The next day, the U.S. Embassy in Beirut was blown up by a massive bomb, with the loss of 63 lives. Among the 17 Americans killed were CIA Mideast specialists, including Robert C. Ames, the agency’s top Middle East expert.17 Disaffected former Israeli Mossad case officer Victor Ostrovsky later claimed that Israel had advance information about the bombing plan but had decided not to inform the United States, a claim denied by Israel.18 The Iranian-backed Islamic Jihad claimed responsibility. Veteran correspondent John Cooley considered the attack “the day [Iranian leader Ayatollah] Khomeini’s offensive against America in Lebanon began in earnest.”19
Still, it was not until four months later, on Aug. 28, that Marines came under direct fire by rocket-propelled grenades and automatic weapons at International Airport. They returned fire with M-16 rifles and M-60 machine guns. The firefight resumed the next day with Marines firing 155mm artillery, 81mm mortars and rockets from Cobra helicopter gunships against Shi’i Muslim positions. Two Marines were killed and 14 wounded in the exchange, the first casualties in actual combat since the Marines had landed the previous year.20
From this time on, the combat involvement of the Marines grew. Their actions were generally seen as siding with Israel against Muslims, slowly changing the status of the Marines as neutral peacekeepers to opponents of the Muslims.21 Israel could hardly have wished for more. The polarization meant that increasingly the conflict was being perceived in terms of the U.S., Israel and Lebanon’s Christians against Iran, Islam and Lebanon’s Shi’i Muslims.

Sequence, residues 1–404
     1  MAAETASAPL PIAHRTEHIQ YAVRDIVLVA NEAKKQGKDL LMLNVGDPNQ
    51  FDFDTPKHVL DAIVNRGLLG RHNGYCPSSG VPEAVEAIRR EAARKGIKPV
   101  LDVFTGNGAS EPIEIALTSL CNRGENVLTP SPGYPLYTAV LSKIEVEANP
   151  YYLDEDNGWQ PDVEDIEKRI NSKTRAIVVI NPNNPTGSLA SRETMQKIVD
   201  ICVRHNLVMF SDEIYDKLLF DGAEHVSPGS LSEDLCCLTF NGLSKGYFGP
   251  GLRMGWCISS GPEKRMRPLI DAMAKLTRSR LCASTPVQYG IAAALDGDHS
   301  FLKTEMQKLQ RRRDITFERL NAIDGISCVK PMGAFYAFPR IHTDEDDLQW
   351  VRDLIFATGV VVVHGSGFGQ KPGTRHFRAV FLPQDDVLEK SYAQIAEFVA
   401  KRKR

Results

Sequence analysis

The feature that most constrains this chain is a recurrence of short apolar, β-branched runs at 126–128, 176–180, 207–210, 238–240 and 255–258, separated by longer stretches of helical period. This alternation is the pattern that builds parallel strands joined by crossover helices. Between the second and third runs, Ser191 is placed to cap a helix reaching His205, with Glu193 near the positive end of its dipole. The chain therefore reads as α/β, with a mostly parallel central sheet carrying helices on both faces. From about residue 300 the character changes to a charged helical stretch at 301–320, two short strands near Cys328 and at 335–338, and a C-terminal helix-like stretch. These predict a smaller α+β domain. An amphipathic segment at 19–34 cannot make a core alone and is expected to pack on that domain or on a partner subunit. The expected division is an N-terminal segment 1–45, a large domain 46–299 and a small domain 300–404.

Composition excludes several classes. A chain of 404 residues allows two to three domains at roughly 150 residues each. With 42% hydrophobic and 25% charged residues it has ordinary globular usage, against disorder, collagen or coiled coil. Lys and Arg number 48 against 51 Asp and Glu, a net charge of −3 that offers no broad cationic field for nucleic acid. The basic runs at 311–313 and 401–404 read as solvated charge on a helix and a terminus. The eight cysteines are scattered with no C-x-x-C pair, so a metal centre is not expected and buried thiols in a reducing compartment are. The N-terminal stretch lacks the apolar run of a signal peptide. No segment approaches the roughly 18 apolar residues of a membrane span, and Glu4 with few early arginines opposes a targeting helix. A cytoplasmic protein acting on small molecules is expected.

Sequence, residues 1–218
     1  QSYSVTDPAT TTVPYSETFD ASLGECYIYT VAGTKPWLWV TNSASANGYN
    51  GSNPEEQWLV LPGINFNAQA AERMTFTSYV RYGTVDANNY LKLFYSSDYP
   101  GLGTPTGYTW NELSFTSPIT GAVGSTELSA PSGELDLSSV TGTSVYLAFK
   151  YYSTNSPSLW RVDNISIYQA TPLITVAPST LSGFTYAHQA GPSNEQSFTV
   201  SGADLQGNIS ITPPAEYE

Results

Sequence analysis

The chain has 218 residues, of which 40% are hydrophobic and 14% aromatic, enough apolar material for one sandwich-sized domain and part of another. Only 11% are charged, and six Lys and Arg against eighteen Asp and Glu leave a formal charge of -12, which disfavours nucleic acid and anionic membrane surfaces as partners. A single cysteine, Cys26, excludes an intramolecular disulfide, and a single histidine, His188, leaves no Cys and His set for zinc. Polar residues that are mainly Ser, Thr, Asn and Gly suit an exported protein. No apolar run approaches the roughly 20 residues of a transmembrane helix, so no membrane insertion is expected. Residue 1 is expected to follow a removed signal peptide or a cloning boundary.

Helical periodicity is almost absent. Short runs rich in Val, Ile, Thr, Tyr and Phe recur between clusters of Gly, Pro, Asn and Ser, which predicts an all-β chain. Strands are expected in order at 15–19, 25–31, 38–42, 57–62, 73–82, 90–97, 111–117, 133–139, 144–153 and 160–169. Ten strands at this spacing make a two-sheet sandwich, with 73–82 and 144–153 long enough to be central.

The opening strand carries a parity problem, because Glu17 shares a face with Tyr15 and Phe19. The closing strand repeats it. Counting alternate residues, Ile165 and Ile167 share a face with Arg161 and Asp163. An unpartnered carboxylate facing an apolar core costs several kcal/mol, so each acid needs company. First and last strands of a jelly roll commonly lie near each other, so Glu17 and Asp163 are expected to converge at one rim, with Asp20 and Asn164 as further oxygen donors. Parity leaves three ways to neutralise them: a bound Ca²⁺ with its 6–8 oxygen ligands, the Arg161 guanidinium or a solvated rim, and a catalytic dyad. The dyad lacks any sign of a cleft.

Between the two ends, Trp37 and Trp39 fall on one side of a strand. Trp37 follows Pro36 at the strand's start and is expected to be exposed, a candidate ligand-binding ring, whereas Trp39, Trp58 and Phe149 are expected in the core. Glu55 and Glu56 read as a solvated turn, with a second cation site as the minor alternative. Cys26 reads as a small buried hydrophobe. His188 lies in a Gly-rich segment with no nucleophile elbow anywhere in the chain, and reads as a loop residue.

Accelerating the Conflict
Israel accelerated the building conflict on Sept. 3, 1993 by unilaterally withdrawing its troops southward, leaving the Marines exposed behind their thin lines at the airport. The United States had asked the Israeli government to delay its withdrawal until the Marines could be replaced by units of the Lebanese army, but Israel refused.22 The result was as feared. Heavy fighting immediately broke out between the Christian Lebanese Forces and the pro-Syrian Druze units, both seeking to occupy positions evacuated by Israel, while the Marines were left in the crossfire.23 On Sept. 5, two Marines were killed and three wounded as fighting escalated between Christian and Muslim militias.24
In an ill-considered effort to subdue the combat, the Sixth Fleet frigate Bowen fired several five-inch naval guns, hitting Druze artillery positions in the Chouf Mountains that were firing into the Marine compound at Beirut airport.25 It was the first time U.S. ships had fired into Lebanon, dramatically raising the level of combat. But the Marines’ exposed location on the flat terrain of the airport left them in an impossible position. On Sept. 12, three more Marines were wounded.26
On Sept. 13, President Reagan authorized what was called aggressive self-defense for the Marines, including air and naval strikes.27 Five days later the United States essentially joined the war against the Muslims when four U.S. warships unleashed the heaviest naval bombardment since Vietnam into Syrian and Druze positions in eastern Lebanon in support of the Lebanese Christians.28 The bombardment lasted for three days and was personally ordered by National Security Council director Robert McFarlane, a Marine Corps officer detailed to the White House who was in Lebanon at the time and was also a strong supporter of Israel and its Lebanese Maronite Christian allies. McFarlane issued the order despite the fact that the Marine commander at the airport, Colonel Timothy Geraghty, strenuously argued against it because, in the words of correspondent Thomas L. Friedman, “he knew that it would make his soldiers party to what was now clearly an intra-Lebanese fight, and that the Lebanese Muslims would not retaliate against the Navy’s ships at sea but against the Marines on shore.”29